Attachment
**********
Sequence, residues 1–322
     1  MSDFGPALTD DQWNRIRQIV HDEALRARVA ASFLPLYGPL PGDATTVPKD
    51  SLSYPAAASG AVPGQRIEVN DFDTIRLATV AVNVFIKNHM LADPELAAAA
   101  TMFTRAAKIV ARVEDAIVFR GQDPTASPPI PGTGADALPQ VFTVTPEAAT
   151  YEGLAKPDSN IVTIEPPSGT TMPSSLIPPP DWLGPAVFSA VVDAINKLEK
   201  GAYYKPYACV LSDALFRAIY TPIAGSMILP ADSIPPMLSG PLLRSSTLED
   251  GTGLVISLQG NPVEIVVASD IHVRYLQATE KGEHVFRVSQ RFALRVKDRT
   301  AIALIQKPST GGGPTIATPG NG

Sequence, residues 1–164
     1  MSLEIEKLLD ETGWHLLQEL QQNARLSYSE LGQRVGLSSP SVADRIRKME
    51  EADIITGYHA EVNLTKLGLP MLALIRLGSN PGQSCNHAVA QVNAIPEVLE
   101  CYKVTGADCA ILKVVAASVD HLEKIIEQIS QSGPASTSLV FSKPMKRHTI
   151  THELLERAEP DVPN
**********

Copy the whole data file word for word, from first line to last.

Sequence, residues 1–322
     1  MSDFGPALTD DQWNRIRQIV HDEALRARVA ASFLPLYGPL PGDATTVPKD
    51  SLSYPAAASG AVPGQRIEVN DFDTIRLATV AVNVFIKNHM LADPELAAAA
   101  TMFTRAAKIV ARVEDAIVFR GQDPTASPPI PGTGADALPQ VFTVTPEAAT
   151  YEGLAKPDSN IVTIEPPSGT TMPSSLIPPP DWLGPAVFSA VVDAINKLEK
   201  GAYYKPYACV LSDALFRAIY TPIAGSMILP ADSIPPMLSG PLLRSSTLED
   251  GTGLVISLQG NPVEIVVASD IHVRYLQATE KGEHVFRVSQ RFALRVKDRT
   301  AIALIQKPST GGGPTIATPG NG

Sequence, residues 1–164
     1  MSLEIEKLLD ETGWHLLQEL QQNARLSYSE LGQRVGLSSP SVADRIRKME
    51  EADIITGYHA EVNLTKLGLP MLALIRLGSN PGQSCNHAVA QVNAIPEVLE
   101  CYKVTGADCA ILKVVAASVD HLEKIIEQIS QSGPASTSLV FSKPMKRHTI
   151  THELLERAEP DVPN